Natalie Alkiviadou: A Missed Opportunity for LGBTQ Rights (on Verfassungsblog)
A few days ago, the British activist Gareth Lee failed with his complaint before the European Court of Human Rights (ECtHR). The Court declared the application inadmissible as Lee had not claimed the violation of rights under the European Convention on Human Rights in any of the national court proceedings and thus had not exhausted all national remedies. Lee v. the United Kingdom really was a missed opportunity for Europe’s regional human rights court to address the issue of homophobia in the context of access to goods and services.
Lee v. the United Kingdom
In 2014, a Northern Irish bakery had refused to deliver a cake ordered by Lee with the words „Support Gay Marriage“ and the QueerSpace logo on it. The applicant was told by the bakery that his cake could not be made because the bakery was a Christian business. The case reached the Supreme Court, which found no discrimination against the applicant on grounds of sexual orientation. It held that the bakery’s objection related to the cake’s message and not to the applicant’s sexual orientation. Lee complained to the ECtHR arguing that his rights under Article 8 (private life), Article 9 (freedom of religion) and Article 10 (freedom of expression), alone and in conjunction with Article 14, had been violated.
Now, the ECtHR declared the case inadmissible. Relying on cases such as Azinas v. Cyprus, the Court referred to the Convention’s subsidiary character. In Azinas, for example, the Grand Chamber had found that ‘It would be contrary to the subsidiary character of the Convention system if an applicant, ignoring a possible Convention argument, could rely on some other ground before the national authorities for challenging an impugned measure, but then lodge an application before the Court on the basis of the Convention argument.’
In Lee, the Court also underlined that ‘it is not immediately apparent how the findings of the Supreme Court and the consequences of those findings for the applicant either constitute one of the modalities of or are linked to the exercise of a right guaranteed by any of those Articles.’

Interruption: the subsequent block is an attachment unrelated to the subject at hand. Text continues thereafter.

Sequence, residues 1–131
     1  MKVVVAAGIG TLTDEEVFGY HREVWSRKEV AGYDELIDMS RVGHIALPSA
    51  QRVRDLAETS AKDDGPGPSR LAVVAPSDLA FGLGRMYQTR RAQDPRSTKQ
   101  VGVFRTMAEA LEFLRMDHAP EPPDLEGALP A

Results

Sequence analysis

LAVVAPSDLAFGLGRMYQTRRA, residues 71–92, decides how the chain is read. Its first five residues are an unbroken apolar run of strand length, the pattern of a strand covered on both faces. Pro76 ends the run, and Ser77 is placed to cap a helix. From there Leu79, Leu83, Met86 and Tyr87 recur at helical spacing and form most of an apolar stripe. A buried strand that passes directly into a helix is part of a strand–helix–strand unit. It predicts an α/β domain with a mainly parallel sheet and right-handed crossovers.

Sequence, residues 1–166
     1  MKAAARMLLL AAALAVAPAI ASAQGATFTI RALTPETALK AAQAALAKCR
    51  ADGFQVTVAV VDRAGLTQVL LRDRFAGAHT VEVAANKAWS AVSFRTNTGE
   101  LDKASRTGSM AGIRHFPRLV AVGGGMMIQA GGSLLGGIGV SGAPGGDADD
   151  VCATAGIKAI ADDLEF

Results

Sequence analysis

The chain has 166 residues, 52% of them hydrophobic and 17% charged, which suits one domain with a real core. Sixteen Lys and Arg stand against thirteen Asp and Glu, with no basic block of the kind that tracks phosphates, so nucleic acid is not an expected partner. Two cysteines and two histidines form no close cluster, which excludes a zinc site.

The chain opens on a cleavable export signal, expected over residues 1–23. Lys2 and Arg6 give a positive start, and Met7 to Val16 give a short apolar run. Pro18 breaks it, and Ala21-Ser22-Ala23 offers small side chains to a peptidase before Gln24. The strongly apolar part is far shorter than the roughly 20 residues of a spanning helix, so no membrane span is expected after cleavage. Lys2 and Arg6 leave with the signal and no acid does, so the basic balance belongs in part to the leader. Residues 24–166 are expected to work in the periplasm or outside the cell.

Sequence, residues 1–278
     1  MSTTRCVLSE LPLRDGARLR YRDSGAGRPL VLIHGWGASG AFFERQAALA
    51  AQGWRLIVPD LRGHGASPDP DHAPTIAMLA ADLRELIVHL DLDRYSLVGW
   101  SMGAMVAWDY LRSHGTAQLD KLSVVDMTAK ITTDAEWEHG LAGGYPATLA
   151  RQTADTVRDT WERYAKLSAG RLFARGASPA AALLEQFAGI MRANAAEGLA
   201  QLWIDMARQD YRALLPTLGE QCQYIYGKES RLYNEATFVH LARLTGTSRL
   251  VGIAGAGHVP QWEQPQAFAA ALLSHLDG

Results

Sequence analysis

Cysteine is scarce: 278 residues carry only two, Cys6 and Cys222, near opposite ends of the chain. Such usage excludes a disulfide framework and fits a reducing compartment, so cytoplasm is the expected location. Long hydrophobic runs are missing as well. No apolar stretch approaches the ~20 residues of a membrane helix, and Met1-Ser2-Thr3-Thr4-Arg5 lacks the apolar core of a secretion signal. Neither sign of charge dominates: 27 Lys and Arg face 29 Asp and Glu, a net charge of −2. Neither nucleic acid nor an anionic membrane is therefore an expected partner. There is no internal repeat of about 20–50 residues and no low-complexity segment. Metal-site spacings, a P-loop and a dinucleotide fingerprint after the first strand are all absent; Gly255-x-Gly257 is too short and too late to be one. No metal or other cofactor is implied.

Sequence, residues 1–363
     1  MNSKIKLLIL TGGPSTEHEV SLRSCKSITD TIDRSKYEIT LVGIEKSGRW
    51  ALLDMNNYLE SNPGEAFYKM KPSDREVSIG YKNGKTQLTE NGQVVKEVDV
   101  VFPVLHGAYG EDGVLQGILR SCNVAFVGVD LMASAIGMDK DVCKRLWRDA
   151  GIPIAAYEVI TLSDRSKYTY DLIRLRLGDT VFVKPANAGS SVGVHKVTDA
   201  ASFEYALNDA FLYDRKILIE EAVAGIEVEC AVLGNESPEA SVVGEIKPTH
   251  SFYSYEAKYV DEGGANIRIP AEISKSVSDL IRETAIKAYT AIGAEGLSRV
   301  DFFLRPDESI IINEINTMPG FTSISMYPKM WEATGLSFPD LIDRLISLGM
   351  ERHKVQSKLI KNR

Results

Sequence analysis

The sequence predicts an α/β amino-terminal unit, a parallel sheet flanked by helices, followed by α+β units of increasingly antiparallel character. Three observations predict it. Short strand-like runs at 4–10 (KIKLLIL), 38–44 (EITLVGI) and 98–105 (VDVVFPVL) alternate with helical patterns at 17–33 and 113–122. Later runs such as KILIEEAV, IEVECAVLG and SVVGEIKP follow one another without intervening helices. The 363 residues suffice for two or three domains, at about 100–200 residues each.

The Court noted that Lee did not invoke his Convention rights expressly at any point in the domestic proceedings and stressed that it was not convinced by his arguments, namely that the domestic law provisions on which he relied existed to protect his aforementioned rights and that the violations complained about only crystallized with the judgement of the Supreme Court, after which there were no further available remedies on a national level.
It appears to me that through the above reasoning, the Court puts all its energy into avoiding answering important questions, offering no analysis of any of the articles cited by the applicant, and thus leaving key legal questions unanswered. The deputy director of the Committee on the Administration of Justice (a third party intervener in the case) described this as a ‘missed opportunity’ for the ECtHR to ‘clarify its case law on sexual orientation and discrimination in the private sector.’
The US Cake Case
A brief discussion of the US Supreme Court jurisprudence is merited, since, in Lee, both the Supreme Court and the ECtHR referred to the 2018 case of Masterpiece Cakeshop Ltd v. Colorado Civil Rights Commission. This case involved a baker’s refusal to make a cake for the marriage celebrations of a same-sex couple due to his religious beliefs. The lower courts had all found in favour of the clients because the Colorado Anti-Discrimination Act (2015) prohibits businesses from discriminating on the basis of sexual orientation. However, the strong First Amendment tradition of the country meant that the direction changed at the Supreme Court. The First Amendment provides that ‘Congress shall make no law respecting an establishment of religion or prohibiting the free exercise thereof; or abridging the freedom of speech, or of the press; or the right of the people peaceably to assemble, and to petition the government for a redress of grievances.’